I exist today because one day in October 1983, my parents did something I try to avoid: talk to strangers on airplanes.
They sat next to each other on an hourlong flight from Dallas to Houston, and soon began bonding over a conversation about their lives and their backgrounds.
When they landed, there was a taxi strike, so my dad ended up giving my mom a ride. Little did he know how much his life would change.
Wise, settled people have a common refrain for their anxious single friends: These things happen when you least expect it.
So I figure, hey, I'm sitting in the Louisville airport on a Sunday morning, flying to the TechCrunch Disrupt tech conference in San Francisco. I might as well dispense with the romance, wistfulness and class of it all and see what's out there.
I fire up the App Store and download AirDates, an app that wants to be the only inflight dating app. I've got 2,000 miles and two more airports to go. Let's see what happens.
Looking for life's co-pilot
AirDates launched its "public beta" last year and has about 10,000 users, so my prospects might be slim to begin with.
You set up a profile using a Facebook account, tell it what types of people you like and then you're on the prowl. The app has a map that looks like a radar that shows who's around. If other users are actually on your flight, you can chat without Wi-Fi as long as they're within 230 feet (basically the length of most aircraft, though a first-class/coach pairing gets challenging on especially large planes).
Five minutes in, I already have so many questions, like: What rules of etiquette govern how you approach a potential beau in seat 22C? Do you walk over to someone and say, "Hi, this is random, but would you mind switching seats with me? I just met the guy you're sitting next to on an airline dating app and I'd like to chat with him for a bit."
Or, if you've chatted for long enough in-app, do you take the plunge and tell the other person you're in seat 6E? "Stop by. I've got an extra drink coupon, if you're interested."
Also, how do I specify I'm not interested in manspreaders?
As I sit at the gate for my first flight, I notice there are four potential AirDates around me. I keep looking around thinking how I'm privy to their secret desire for a little more than a window seat.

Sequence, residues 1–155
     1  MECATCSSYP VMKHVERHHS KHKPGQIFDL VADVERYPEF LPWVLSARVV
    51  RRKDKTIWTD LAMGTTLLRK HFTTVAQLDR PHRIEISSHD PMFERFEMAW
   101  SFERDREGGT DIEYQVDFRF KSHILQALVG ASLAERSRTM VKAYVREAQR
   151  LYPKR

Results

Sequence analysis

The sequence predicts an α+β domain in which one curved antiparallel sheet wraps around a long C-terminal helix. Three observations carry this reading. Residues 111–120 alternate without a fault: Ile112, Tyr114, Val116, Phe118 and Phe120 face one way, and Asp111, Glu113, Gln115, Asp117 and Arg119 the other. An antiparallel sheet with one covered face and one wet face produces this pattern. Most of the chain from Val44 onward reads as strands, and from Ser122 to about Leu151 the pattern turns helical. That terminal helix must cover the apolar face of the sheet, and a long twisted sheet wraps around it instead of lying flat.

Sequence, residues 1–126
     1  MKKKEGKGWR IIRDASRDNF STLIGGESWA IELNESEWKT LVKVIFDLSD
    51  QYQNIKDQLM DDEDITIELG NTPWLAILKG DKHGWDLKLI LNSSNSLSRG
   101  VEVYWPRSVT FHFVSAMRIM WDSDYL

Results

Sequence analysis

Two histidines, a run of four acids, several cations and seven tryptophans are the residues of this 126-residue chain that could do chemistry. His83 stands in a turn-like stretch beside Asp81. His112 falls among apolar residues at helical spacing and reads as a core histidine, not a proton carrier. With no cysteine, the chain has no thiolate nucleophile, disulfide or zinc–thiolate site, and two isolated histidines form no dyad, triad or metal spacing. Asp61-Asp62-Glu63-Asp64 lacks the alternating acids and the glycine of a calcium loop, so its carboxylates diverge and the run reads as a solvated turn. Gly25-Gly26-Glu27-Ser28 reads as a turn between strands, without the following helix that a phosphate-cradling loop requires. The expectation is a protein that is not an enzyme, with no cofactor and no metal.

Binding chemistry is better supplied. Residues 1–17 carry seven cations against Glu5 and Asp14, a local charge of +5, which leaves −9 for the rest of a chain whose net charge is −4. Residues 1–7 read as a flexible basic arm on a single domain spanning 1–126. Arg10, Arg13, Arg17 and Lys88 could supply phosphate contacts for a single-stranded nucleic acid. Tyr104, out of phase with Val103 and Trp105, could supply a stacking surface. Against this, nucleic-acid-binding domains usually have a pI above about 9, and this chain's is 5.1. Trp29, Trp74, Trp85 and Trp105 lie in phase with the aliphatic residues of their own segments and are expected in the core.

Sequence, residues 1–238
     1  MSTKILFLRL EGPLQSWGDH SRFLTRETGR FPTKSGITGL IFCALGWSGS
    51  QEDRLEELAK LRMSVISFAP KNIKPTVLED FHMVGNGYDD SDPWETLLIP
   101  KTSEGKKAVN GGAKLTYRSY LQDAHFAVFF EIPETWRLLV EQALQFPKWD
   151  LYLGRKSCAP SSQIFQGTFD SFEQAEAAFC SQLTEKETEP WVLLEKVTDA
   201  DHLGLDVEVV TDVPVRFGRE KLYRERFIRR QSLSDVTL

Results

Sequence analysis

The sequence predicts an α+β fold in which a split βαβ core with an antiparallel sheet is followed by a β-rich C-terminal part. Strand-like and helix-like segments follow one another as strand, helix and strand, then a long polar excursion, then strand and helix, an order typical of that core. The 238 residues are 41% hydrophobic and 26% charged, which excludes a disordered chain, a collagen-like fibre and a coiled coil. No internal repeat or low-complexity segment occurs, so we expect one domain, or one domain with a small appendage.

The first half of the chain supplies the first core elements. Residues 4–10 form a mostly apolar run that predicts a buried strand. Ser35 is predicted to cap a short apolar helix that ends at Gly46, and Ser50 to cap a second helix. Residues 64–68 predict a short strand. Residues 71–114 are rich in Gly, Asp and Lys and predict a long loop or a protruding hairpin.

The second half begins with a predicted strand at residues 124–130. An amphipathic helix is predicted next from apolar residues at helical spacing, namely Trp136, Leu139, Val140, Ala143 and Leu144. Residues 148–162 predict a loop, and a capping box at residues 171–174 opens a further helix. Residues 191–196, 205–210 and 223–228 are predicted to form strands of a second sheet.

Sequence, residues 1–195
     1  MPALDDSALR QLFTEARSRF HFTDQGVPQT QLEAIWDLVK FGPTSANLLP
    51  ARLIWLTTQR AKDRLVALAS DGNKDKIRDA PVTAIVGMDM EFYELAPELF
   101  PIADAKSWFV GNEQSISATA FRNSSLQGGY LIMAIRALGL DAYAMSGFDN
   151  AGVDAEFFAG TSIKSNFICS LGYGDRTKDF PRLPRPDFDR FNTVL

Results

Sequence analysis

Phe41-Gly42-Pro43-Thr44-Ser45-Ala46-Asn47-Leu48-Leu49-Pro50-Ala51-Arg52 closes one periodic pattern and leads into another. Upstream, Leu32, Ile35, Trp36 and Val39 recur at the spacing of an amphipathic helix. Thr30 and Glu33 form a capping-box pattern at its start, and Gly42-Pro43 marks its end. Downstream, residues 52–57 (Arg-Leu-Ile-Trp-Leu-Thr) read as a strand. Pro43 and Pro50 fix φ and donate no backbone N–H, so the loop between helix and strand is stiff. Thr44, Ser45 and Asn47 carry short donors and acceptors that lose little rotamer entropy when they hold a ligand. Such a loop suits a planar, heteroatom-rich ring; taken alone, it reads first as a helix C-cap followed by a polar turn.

Almost immediately, I recognize one of them from the baggage-check line. He has the absurd hair of a Christian rock musician from the early 2000s. Then I realize he may have a wife, as I watch him round the corner with a blonde woman and wedding band. Not my jam, buddy.
I shoot him a disapproving stare and put my phone in my back pocket.
Welcome to San Francisco
Making my way across the country, I keep checking AirDates. There's a smattering of folks in the Denver airport and a promising herd on arrival in San Francisco (this is tech land, after all). Sadly, none of them were on my flights.
As I oscillate between curious and disappointed, I keep thinking about how I'm surrounded by all these nondigital, naturally occurring pockets of small talk between strangers, families or friends. You know, in the real world.
It's pretty easy to scan the airport and eventually lock eyes with someone, offering a come-hither look and a stale joke about the TSA. Or peanuts.
If small talk happens so easily, why would anyone want to use AirDates?
CEO Michael Richards tells me on the floor at TechCrunch Disrupt that he got the idea while he was traveling a lot himself during a break from work.
"I was using a lot of Tinder and all that, but never in flight," Richards said. "It was a pity losing so much time inflight."
People are intrigued enough by the idea of a chance meeting, he said. Throw in anonymity, ephemerality and the fact people meet in airports in movies and television all the time, and AirDates is born. After all, George Clooney kinda sorta found love in 2009's "Up in the Air."
Richards is not going to guarantee you my parents' blissful 32 years of marriage, a charming daughter and an emotionally unavailable cat, though.
"We're much more party than wedding," he says coyly. Maybe I judged rockstar hair guy too harshly.
Now, AirDates isn't the only airport- and travel-centric social or dating app. With Skycheckin, you -- that's right -- check into flights and talk with others who have done the same. Or there's Miss Travel, which aims to help you find a travel companion.
And on the topic of companions, you don't have to be in a dating mood to use AirDates. You can also just use the app to meet up with other travelers on a friendly basis, Richards says. Suuuuure.
There are more features in the works, he adds. Soon you'll be able to share Spotify songs, Instagram photos and Pinterest pins. He's also working on a version for Android.
As for my return trip, maybe I'll just stick with my headphones and a nap.